It has been quite a year. I am “languishing”. Please take this into consideration when interacting, presenting, or scheduling meetings. My advice to you: less is more.
The term languishing is a word that refers to a sense of stagnation and emptiness. Everything may feel muddled or hazy, and your energy may be at an all-time low. According to Wharton professor Adam Grant, languishing can dull your motivation, disrupt your ability to focus, and triple the odds that you’ll cut back on work. Languishing is also a major risk factor for your mental health.
Read more about the term from New York Times: https://nyti.ms/3w2bLth
While this is yet another factor that we as professionals must juggle, work must still be done, and we need to continue communicating to our Very Important Audiences (VIAs) whether we are languishing or not.
Here are a few steps we can take to help those near us that may be experiencing such fatigue:
- Keep your meetings, conversations, and presentations brief. Many companies have enforced 25-, 45-, or 55- minute call lengths in order to allow attendees a brief moment to themselves in between back-to-back calls. Not only does this allow for us to take a deep breath during the work day, but it also encourages presenters to continue to improve efficiency and communication.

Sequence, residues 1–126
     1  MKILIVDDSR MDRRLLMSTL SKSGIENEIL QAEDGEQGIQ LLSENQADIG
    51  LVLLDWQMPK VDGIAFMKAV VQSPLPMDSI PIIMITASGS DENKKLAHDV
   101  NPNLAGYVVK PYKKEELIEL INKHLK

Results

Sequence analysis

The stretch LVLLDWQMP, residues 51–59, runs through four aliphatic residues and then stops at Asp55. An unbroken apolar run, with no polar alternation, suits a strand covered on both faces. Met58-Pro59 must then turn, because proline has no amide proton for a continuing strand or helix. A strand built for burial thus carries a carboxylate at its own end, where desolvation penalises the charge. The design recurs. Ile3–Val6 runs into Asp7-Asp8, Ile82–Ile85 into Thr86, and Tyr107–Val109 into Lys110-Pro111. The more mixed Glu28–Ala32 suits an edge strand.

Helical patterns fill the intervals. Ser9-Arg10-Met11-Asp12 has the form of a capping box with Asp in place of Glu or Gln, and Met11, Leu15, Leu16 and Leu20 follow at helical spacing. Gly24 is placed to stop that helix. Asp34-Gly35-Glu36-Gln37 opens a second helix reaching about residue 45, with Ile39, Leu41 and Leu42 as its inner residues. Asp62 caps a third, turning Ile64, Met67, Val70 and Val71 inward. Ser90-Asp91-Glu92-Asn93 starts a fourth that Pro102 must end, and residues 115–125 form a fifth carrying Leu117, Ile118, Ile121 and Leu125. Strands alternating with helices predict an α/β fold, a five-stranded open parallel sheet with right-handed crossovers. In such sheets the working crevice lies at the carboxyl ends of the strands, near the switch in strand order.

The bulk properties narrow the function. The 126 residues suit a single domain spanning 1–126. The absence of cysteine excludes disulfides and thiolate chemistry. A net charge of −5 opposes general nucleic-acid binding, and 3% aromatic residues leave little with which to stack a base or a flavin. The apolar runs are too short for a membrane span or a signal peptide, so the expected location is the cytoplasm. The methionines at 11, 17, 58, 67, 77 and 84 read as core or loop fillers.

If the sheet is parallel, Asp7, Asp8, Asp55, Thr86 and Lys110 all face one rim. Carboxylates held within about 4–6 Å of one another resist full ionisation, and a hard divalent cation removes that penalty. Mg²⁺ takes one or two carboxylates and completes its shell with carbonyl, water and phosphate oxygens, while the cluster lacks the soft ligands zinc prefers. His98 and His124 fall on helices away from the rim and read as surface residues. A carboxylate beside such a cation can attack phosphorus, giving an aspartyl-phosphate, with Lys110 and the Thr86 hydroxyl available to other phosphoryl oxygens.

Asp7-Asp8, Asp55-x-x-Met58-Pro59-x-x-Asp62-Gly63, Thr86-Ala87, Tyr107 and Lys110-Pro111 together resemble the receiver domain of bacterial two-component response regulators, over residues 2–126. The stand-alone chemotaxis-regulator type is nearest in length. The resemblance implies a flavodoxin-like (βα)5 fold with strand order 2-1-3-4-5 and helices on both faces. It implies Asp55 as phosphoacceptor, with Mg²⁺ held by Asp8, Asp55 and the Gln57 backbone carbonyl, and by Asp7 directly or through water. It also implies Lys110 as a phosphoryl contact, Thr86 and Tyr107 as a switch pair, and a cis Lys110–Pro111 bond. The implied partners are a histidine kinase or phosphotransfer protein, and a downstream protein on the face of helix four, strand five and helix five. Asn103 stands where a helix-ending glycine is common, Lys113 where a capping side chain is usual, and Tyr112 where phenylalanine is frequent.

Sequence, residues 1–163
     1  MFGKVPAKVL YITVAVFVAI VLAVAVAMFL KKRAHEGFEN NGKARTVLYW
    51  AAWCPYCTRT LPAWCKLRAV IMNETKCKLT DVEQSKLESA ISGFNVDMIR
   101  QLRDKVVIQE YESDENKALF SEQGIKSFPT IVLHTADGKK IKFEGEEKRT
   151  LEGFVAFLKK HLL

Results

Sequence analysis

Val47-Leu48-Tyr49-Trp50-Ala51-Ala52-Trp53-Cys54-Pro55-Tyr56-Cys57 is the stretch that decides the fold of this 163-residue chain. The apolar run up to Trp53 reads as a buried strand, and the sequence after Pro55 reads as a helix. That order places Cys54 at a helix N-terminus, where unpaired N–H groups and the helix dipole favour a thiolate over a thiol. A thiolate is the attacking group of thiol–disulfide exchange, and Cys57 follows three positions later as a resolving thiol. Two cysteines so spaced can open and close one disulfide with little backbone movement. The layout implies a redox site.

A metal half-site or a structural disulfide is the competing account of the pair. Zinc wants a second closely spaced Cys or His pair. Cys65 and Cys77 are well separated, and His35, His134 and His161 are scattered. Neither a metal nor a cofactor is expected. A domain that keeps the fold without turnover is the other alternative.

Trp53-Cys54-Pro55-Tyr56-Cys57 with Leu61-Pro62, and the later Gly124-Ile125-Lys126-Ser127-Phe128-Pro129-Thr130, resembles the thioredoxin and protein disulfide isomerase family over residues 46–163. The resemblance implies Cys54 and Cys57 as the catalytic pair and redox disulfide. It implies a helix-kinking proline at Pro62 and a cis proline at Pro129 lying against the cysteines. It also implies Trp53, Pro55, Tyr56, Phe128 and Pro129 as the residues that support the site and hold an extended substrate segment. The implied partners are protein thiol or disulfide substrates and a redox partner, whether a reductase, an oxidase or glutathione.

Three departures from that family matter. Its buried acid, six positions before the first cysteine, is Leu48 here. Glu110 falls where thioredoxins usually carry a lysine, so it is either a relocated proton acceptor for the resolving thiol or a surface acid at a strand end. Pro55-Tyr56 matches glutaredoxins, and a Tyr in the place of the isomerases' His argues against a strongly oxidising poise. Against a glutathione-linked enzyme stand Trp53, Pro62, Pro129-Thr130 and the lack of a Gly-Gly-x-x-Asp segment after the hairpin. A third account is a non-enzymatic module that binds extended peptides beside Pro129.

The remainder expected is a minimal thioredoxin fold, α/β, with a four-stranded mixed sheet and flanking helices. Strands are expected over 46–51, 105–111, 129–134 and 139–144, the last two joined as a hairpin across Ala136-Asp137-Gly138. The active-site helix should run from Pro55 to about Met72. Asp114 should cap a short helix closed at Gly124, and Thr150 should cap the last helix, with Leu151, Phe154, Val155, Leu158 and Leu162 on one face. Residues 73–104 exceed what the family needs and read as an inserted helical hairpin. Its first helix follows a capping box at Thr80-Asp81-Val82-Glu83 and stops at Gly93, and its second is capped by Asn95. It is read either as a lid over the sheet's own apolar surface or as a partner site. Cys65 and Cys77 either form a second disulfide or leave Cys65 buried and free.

- Be transparent with call expectations. Being on-camera ready requires more energy than we may think, and by the end of the week, many of us are exhausted. Companies such as Citi and QVC have banned Zoom calls one day a week (See: bit.ly/3tGYt3O) to help employees recover. Here’s an idea: put either “Video Required”, “Video Encouraged”, or “Video Optional” in the call notes for transparency, ahead of time.
- Ask yourself, “Is this a meeting? Or is this an email?” This is an age-old question. Is it possible to reduce the number of meetings you host? Can you summarize the content in written form and email it to your team instead? Can your meetings be every other week instead of weekly?
It’s fair to say many of us are languishing after the past year we’ve experienced. In the spirit of community, and to prioritize the mental health of ourselves as well as those around us, it’s important to evaluate your daily actions to see where you can do your part to help relieve some sense of stress. I’m thankful that mental health has become a priority for organizations and corporations – what can you do at your own individual level?